What I Talk About When I Talk About Sobriety: Five Months Sober

Kayla Martell Feldman
6 min readSep 2, 2021
Photo by Rirri on Unsplash

When my experiment with quitting alcohol became a permanent decision, I committed to publishing an article every month for my first year of sobriety to hold myself accountable, track my progress, and put all my thoughts and explanations in one very public, easy-to-find place. So, I’ve talked about my tumultuous history with alcohol and the click moment that made me quit drinking it. I’ve detailed what happened when I quit from the morning after to the two month mark. I’ve confessed all the shit bits of being sober and how much I really do miss drinking alcohol, and last month I did a wee Q&A with my social media followers. But what I haven’t really yet explained is exactly what I mean by “sober” and how I talk about it when people ask.

What Sobriety Means To Me

Quite simply, I don’t drink anything above 0.5%ABV. I’ve written before about how I don’t identify as an addict or an alcoholic, but that’s not strictly true. The withdrawal period I went through in my early sobriety showed me that even if I wasn’t psychologically addicted, my body certainly was. Ultimately, I don’t think the terms “alcoholic” or “addict” are helpful to me for several complex reasons, which I may write about in the future, but for now is more about my right to control how I identify and how I talk about my own sobriety.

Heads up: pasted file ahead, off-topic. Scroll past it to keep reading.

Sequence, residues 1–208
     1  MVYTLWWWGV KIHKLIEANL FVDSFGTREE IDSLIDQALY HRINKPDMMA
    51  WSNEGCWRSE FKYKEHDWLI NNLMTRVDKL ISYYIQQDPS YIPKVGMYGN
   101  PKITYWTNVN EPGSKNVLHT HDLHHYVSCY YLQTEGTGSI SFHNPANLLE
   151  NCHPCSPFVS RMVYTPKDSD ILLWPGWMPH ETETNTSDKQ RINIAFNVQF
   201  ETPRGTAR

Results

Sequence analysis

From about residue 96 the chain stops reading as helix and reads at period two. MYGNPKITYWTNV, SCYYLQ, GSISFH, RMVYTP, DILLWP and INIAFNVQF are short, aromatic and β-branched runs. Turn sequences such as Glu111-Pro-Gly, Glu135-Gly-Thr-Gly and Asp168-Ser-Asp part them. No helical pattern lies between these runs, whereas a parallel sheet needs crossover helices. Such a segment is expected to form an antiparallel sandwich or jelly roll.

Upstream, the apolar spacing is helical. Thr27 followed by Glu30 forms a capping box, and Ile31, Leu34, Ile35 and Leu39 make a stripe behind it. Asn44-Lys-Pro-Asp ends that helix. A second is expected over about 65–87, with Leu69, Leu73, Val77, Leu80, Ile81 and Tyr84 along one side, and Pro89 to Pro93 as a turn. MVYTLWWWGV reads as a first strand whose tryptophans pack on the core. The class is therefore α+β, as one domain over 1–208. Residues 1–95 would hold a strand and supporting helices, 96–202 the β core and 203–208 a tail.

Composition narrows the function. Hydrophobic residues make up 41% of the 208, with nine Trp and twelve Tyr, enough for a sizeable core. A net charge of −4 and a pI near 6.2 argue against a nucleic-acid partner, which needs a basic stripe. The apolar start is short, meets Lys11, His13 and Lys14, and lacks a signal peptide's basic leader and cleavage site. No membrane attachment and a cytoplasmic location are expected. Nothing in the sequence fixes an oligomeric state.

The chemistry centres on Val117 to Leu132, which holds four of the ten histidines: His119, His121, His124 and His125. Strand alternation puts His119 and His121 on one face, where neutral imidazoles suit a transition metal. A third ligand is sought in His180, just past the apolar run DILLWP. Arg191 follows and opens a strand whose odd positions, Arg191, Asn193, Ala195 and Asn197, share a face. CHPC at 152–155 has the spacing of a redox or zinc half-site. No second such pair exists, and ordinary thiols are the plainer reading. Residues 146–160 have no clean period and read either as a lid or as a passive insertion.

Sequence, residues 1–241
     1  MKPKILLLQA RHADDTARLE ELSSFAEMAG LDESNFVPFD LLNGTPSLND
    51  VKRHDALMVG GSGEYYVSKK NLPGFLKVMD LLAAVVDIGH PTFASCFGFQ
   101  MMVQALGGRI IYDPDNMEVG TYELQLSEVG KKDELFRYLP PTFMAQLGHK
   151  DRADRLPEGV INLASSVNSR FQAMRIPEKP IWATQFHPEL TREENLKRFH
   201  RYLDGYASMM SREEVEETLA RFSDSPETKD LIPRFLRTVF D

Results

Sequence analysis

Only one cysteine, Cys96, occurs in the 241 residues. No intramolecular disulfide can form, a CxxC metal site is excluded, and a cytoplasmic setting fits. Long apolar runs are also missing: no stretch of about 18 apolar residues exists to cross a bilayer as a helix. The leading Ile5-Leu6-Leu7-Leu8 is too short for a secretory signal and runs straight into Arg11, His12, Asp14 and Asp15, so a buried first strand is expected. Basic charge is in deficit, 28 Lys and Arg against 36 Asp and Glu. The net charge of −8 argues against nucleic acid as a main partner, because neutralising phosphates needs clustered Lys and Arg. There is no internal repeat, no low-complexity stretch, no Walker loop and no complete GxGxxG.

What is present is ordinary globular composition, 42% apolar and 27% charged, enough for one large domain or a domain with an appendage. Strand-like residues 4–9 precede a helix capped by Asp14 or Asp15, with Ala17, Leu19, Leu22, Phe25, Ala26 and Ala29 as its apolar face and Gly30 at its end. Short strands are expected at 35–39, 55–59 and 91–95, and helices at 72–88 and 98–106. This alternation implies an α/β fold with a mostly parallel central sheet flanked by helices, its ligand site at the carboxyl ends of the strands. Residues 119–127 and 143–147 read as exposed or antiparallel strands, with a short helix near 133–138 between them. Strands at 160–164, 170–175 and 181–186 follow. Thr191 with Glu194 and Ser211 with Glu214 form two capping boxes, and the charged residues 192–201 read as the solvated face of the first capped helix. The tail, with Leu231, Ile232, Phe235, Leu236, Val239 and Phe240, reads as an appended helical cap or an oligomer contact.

Photo by Jakub Dziubak on Unsplash

What About Drugs?

I said this to my therapist, and I’ll say it to you: the only way you will get me to stop drinking coffee is over my cold, dead body. I will admit to being a coffee addict. If you’ve ever tried to speak to me before my morning coffee, you will know this. I’m not ashamed of it, and I have no desire to change it. Coffee is love. Coffee is life. Inject it right into my veins and leave me alone.

I take fluoxetine (an SSRI) and quetiapine (an antipsychotic) daily to manage my OCD symptoms. These were prescribed by a psychiatric doctor after a lengthy diagnostic process, and they help to keep my mood stable and prevent episodes of psychosis. I need them the same way some diabetics need insulin, or someone with…

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Kayla Martell Feldman

Anglo-American atheist Jew. Director & writer for stage & screen. Book person, intersectional feminist, poet. Living with OCD. Not an Expert. she/her